Rules, rules, rules. It seems there’s a lot of them around at the moment.
Where do we have to wear a mask? What countries can we travel to? And how many tests do we need to take when we get there?
You may be one of those people who hates being told what to do. Or you may be someone who finds rules reassuring.
Whatever your view, there’s an undeniable truth about rules: they give you a sound basis for working from when you’re trying something new.
Like writing a book for your business.
In fact, as ghostwriters we’re often asked what rules there are for writing a book. What we say is, if you follow the rules you can’t go far wrong. But – and this is a big one – there’s no need to let them dictate your every step.
Because, just sometimes, rules are made to be broken. The trick is in knowing when.
So, what are the three main rules for writing a business book or self-help guide?
1. Your book’s length should be right for its purpose
Book length is one of the main areas that new authors feel unsure about. Which isn’t surprising given that publishers talk about length in terms of words, whereas most people think in terms of pages.
And how many words (or pages) should you write in any case?
The rules about book length stem from the fact that there are a number of long-held conventions about it. When we hold a book in our hands we make assumptions about what kind of book it is from how thick it feels – is it an in depth exploration of a topic, or a quick and handy guide?
To keep a complicated explanation short, full length business books are normally around 50,000 words (or 200-250 printed pages). E-books and how-to guides can sometimes be shorter.
The size of your topic is also relevant. If you want to write about a relatively narrow subject, such as social media advertising, your book can be short and designed as a reference guide for busy people. On the other hand, if you’re expounding on a theme that demands more detail and expanse, such as the environmental damage caused by the food industry, your book should be longer.
When to break the rules on length
Your book should be long as it needs to be. There’s no point padding out what could be a concise and punchy guide just for the sake of making it more wordy.
Equally, if you have a huge amount to pack in, your book should expand to fit.
If there’s a business book you admire why not count the pages, tot up the words on an average page, and see how long it is in total? That will give you a guide.
2: Your book needs the right structure
The way you structure and outline your book should be guided by both what kind of book it is and what you want your readers to take away from it. If a book doesn’t work, it’s almost always because the structure isn’t right.
The way I see it, there are three main categories of business or personal development book:
- Self-help or how-to guide.
- Transformational memoir.
- Thought-leading, inspirational book.
Think about what experience you want your readers to have. Your outline should be connected to the purpose of your book. What do you want your readers to think, feel, and do by the end of it, and which of these is most important?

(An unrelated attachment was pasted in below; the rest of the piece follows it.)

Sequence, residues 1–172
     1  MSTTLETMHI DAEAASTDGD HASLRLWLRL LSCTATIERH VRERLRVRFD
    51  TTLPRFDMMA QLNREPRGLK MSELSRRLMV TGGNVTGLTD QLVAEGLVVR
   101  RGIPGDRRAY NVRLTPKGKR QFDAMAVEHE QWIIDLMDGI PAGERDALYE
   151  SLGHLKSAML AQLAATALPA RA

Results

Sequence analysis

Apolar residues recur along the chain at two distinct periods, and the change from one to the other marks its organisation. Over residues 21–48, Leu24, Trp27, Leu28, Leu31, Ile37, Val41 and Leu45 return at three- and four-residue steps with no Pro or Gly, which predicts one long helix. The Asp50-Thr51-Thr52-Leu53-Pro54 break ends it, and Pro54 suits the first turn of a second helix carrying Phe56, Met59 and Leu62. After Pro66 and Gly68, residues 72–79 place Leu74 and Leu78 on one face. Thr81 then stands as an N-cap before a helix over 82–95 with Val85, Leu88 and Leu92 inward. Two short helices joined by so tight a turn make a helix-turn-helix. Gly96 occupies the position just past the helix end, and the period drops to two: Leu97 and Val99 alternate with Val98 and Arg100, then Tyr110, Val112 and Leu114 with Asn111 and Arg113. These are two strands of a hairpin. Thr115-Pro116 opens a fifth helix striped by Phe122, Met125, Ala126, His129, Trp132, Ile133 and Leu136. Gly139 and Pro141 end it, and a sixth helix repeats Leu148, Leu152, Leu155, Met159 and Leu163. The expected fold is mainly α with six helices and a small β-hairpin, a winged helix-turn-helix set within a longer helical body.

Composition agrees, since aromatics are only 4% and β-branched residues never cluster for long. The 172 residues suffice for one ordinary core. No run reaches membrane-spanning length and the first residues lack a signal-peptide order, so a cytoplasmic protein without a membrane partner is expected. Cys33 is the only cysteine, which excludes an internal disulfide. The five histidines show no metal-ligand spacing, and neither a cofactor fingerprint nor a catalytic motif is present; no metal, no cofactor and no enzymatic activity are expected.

If you want them to do something, a how-to guide might be best.
If you’re keen for them to think something, an inspirational book would work well.
And if you’re prompting them to feel something, a memoir or story-based approach could be the answer.
Still stuck? Turn to your bookcase or e-reader and glance through the books you’ve read recently. Which were most helpful and enjoyable for you? Take a look at how they’re structured and you’ll find clues to the kind of book you want to write.
You can also think of your readers. What kind of book would they appreciate? Which outline would suit them best? This is a starting place for you to create your outline, but you need to tailor it to your (and your readers’) needs.
When to break the rules on book structure
You’ll notice the three outline types can overlap.
Your how-to guide might contain some of your personal story, your thought-leading book could include some how-to elements, and your memoir might be partly a self-help book.
So don’t feel you have to be rigid with your outline type, just consider what the main thrust of your book will be and use these formats as a guide.
3. Your book demands a reader-friendly writing style
Most business books and self-help guides are written in a direct style with accessible language. They also address their readers as ‘you’, rather than talking theoretically in general terms.
Here’s an example of what I mean. An academic or theoretical style would be: ‘It’s possible for this to be completed by you or your manager.’ A direct style would be: ‘Either you or your manager can finish this.’
The first is distancing, using the passive voice and longer words than necessary. The second brings your reader close to you by using the active voice and less formal vocabulary.
This is one rule we would heartily endorse. You can play fast and loose with the rules of length and structure if you want, but if you want your readers to engage with your ideas you must speak to them as individual human beings, rather than an amorphous crowd.
You want your readers to be nodding along with you, ready to absorb what you say and willing to take action.
To sum up …
It’s easy to assume that there are lots of rules for writing a successful book.
But really they boil down to three: having the right length, the right structure, and the right style.
And remember that the only REAL rule you need to follow is to remember that your job as an author is to inspire, inform, and entertain. If you achieve that, you can break as many others as you like.